Todd Haynes' biography reads as if he were an unlikely mix between Cheech Marin, John F. Kennedy Jr., and Quentin Crisp. Haynes was born in Los Angeles and educated at Brown University, where he was awarded an honors degree in Art... [more]
Todd Haynes' biography reads as if he were an unlikely mix between Cheech Marin, John F. Kennedy Jr., and Quentin Crisp. Haynes was born in Los Angeles and educated at Brown University, where he was awarded an honors degree in Art and Semiotics in 1985. He is also the first -- and possibly only -- artist to cast a crew of Barbie dolls in his first feature, an oddly sympathetic recap of the life of the twentieth century's most famous anorexic pop singer.
"Superstar: The Karen Carpenter Story," was Haynes' first acclaimed production after starting Apparatus, the New York-based non-profit established to provide both financial and artistic support to emerging filmmakers. In 1991 Haynes released his second feature, "Poison," which became a cause celebre as quickly as "Superstar" had become a cult item. The NEA had partly funded the homoerotic film, and the Christian Right was up in arms.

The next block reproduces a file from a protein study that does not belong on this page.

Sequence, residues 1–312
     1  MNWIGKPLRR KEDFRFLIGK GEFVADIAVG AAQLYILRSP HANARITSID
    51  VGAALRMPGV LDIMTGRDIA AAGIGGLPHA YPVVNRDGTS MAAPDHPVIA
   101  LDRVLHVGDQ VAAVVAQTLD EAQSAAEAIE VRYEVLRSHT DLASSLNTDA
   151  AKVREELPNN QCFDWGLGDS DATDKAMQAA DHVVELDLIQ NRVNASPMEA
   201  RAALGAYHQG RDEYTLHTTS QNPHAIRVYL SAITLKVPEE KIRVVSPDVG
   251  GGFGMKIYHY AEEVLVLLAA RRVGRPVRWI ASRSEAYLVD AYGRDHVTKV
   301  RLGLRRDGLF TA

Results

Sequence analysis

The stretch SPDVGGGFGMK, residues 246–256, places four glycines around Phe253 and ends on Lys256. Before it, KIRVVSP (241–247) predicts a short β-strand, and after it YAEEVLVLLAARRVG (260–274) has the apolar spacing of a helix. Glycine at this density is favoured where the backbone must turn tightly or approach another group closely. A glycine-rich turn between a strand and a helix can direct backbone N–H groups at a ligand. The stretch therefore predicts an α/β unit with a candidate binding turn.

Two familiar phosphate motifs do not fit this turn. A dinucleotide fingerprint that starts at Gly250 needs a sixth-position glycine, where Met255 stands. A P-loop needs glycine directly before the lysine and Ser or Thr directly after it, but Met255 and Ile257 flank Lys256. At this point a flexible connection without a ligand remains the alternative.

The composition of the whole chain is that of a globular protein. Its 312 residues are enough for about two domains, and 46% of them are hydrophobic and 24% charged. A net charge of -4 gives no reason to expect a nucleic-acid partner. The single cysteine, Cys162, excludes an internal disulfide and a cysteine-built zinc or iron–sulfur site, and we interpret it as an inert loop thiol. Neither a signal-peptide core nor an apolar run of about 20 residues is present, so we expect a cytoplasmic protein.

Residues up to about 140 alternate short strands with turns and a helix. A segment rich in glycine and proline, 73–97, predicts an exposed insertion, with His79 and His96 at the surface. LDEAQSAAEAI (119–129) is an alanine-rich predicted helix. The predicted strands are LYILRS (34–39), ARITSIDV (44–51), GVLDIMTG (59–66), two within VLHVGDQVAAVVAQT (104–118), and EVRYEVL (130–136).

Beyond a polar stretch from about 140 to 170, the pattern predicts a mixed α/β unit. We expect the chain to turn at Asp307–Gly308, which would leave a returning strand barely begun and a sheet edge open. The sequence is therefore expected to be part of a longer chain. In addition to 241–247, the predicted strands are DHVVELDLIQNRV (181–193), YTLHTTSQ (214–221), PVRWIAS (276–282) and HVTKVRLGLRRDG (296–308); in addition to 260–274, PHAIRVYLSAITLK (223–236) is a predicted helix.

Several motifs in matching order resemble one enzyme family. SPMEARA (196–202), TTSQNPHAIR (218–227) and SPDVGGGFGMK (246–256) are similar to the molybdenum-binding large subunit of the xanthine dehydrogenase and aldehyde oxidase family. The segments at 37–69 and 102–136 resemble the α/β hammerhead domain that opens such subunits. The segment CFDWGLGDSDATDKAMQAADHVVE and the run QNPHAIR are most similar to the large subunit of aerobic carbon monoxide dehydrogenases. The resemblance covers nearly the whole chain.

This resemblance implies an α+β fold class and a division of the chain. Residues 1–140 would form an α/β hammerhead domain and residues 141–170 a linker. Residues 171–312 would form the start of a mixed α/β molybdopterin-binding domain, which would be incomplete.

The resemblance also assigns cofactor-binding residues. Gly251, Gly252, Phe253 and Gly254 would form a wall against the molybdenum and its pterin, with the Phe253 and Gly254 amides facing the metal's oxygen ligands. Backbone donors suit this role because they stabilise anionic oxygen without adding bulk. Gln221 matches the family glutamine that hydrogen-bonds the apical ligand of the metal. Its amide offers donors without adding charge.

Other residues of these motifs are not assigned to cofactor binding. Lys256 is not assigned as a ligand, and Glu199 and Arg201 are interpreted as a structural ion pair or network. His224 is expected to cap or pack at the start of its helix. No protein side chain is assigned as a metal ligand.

Tensions were further aggravated by Haynes' unabashed status as a leader of the movement known as New Queer Cinema. The auteur never backed down. Instead, he went on to direct a more literal film about poison, a film entitled "Safe" in which an on-the-verge-of-famous Julianne Moore plays a well-to-do San Fernando housewife mysteriously debilitated by her seemingly antiseptic suburban environment. The symbolic parallels to the director's personal tribulations of the time seem hardly coincidental.
In 1998, Haynes' ode to glam rock and gender-bent air guitar, "Velvet Goldmine," hit the scene. Camp met "Spinal Tap" and resulted in a quirky expose of postmodern self-invention, reinvention, and the cult of Bowie. In the midst of all this creativity and conservative flutter, possibly the most compelling fact about Haynes is that everyone -- cast, crew, collaborators, Steven Spielberg, and possibly even Jesus -- seems to somehow adore him.